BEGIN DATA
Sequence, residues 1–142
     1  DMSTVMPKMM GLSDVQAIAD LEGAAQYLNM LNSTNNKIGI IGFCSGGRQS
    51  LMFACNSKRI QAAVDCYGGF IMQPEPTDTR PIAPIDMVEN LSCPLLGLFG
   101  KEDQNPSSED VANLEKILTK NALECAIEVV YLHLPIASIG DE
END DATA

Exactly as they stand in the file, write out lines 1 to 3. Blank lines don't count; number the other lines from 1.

Sequence, residues 1–142
     1  DMSTVMPKMM GLSDVQAIAD LEGAAQYLNM LNSTNNKIGI IGFCSGGRQS
    51  LMFACNSKRI QAAVDCYGGF IMQPEPTDTR PIAPIDMVEN LSCPLLGLFG